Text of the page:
There’s no point arguing, but I disagree with your assessment. I’ll just quickly pick up on your main points:
[ul][li]“There isn’t any brilliance in FtF (nor in any other Sollima film I have seen), but many well made scenes alternating with some weaker material. The beginning and the ending in the desert are the best parts, but in-between the film too often stumbles.”
That’s pretty harsh criticism of Sollima. I rate all three of Sollima’s spaghetti westerns as being some of the best in the genre, and they’re all in this site’s Top 20, so others must agree with me.[/li][/ul]
[ul][li]"The strongest character is of course Brad Fletcher, and here the film is at best in showing him changing. But what had happened to his disease (lung tuberculosis I assume)? From one moment to the next it simply disappears, and this is a big fault for a film with “ambitions”.
I watched a dubbed version, in which his disease was not specified as tuberculosis. It might be different in the Italian version, or possibly there was some intention for the disease to be tuberculosis without it being made overt. I don’t know, but otherwise it could have been something else, like perhaps bronchitis.
However, accepting that it’s intended to be tuberculosis, some sufferers of tuberculosis who do not receive treatment do recover. It’s not so far-fetched as you seem to think, not that I even think it is particularly important to the quality of the film anyway.[/li][/ul]
[ul][li]“Beuregard on the other hand is never shown as the ruthless outlaw he is supposed to be. There is one scene where he tries to shoot Brad after his escape, but why should he? One scene before he doesn’t shoot the other deputies, who represent in their brutish behaviour an unjust law, and are (unlike Brad) for his escape a threat.”
I find this comment quite frustrating. You’re right, Beauregard is not shown as the ruthless outlaw he is supposed to be; we’re shown only glimpses of his bloody past and the attitudes which fuelled it. At the start of the film, when he escapes with Fletcher, he has a nihilistic attitude and that’s about it. Over the rest of the film, his attitude changes as he starts to see the value in human life and develops a moral compass. When he falters and is unable to kill the Mexican child, that is a crucial moment in his development.
This brings me nicely to the next point…[/li][/ul]
[ul][li]“And really, why should Beau shoot Fletcher at the end and spare Siringo? Fletcher didn’t do any bad to him and just was ready to give his live together with Beau in order to save the refugees, while Siringo has betrayed him and is responsible for the death of most of his friends.”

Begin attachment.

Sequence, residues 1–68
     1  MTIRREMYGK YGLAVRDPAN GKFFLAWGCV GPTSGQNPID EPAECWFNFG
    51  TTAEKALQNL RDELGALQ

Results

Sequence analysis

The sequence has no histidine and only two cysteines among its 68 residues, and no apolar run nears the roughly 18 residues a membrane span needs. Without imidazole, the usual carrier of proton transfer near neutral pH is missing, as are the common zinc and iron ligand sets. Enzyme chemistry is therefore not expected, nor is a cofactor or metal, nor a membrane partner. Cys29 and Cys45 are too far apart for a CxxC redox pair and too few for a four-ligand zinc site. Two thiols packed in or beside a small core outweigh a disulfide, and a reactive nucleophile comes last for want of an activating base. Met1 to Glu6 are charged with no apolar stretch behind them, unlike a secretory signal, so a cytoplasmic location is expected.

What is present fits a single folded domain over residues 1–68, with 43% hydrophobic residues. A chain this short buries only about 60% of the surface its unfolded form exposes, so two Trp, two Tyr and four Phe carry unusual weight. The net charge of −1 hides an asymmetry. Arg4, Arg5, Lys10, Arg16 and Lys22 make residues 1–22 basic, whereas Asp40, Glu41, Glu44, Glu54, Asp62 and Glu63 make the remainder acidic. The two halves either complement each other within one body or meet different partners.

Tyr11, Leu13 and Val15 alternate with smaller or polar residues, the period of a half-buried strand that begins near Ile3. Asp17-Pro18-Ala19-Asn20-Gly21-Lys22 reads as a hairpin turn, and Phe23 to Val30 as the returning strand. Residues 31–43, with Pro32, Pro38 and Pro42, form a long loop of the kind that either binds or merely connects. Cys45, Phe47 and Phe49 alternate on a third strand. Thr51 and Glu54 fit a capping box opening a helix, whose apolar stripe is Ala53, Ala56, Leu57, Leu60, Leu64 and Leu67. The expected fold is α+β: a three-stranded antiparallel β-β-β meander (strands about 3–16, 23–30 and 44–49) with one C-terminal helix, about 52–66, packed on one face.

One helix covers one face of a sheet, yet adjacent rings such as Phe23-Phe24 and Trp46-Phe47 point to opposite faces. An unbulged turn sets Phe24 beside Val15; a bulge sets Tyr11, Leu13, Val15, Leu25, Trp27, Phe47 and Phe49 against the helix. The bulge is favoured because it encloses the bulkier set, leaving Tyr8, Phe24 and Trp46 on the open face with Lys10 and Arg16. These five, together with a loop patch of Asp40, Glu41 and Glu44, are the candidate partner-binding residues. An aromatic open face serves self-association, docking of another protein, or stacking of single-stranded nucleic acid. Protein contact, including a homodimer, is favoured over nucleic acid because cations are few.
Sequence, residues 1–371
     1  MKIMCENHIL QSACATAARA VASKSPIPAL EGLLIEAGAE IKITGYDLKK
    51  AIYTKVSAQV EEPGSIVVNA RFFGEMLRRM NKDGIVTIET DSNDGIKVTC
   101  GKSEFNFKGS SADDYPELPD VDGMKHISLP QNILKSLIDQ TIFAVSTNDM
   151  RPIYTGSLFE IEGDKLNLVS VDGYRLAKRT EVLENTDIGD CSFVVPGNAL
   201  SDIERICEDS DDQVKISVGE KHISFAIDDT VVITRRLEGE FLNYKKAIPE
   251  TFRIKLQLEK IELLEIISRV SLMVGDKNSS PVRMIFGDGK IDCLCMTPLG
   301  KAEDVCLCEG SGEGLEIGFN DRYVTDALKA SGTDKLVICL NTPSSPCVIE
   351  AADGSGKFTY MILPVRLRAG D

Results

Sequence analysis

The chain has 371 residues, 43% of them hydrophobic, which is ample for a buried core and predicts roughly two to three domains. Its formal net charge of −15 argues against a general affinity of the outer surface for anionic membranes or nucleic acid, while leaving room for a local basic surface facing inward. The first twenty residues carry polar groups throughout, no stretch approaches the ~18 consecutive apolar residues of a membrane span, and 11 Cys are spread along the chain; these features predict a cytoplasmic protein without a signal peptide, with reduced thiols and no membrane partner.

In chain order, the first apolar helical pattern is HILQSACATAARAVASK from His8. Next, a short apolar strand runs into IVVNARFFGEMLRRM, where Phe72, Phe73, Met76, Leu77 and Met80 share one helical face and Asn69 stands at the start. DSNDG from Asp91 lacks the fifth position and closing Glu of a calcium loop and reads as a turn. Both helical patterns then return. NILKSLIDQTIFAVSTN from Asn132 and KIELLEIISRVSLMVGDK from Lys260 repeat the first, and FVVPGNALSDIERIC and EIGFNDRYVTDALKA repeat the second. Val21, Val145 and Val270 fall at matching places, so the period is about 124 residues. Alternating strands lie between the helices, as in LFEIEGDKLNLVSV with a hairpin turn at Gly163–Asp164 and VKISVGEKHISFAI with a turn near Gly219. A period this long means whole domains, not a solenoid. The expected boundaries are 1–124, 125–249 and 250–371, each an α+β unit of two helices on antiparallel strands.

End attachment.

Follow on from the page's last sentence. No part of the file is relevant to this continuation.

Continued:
He kills him because it is the right thing to do. Fletcher has committed himself to barbarity and lawlessness, believing Beauregard to be a part of the same creed. Like you, Fletcher cannot understand Beauregard’s actions when he is shot. That’s because he doesn’t understand the moral code which now governs both Beauregard and Siringo.
You say that Siringo betrayed Beauregard, but this isn’t quite right. He’s a Pinkerton doing a job, and his actions are an extension of that. His allegiance is with the Pinkertons and Beauregard understands and respects Siringo’s motives. He did not owe any allegiance to Beauregad, so it wasn’t possible for him to truly betray him.
Siringo’s morality is what makes him risk his life to stop the mob at the end, because he certainly doesn’t owe anything to Beauregard or Fletcher. As the film finishes, Siringo and Beauregard recognise in each other the same set of values, which is why they have to help each other. In my opinion, it’s a beautifullly crafted and poigniant ending to a magnificent film.[/li][/ul]
[ul][li]“And then Beau is never a ruthless killer. He seems just to be a nice and reasonable outcast living amongst a bunch of other outcasts in a bandit hideout. And the community of these outcasts is mostly shown in a more romantic way as a big family, and never as a real thread for anyone.”
I’ve commented on your point about Beauregard not being a ruthless already, but the community of outcasts is simply that. They are just a community and not supposed to be a threat, although they provide Beauregard’s outlaws with a place to lie low. It’s precisely the fact they are harmless which makes the ending all the more tragic.[/li][/ul]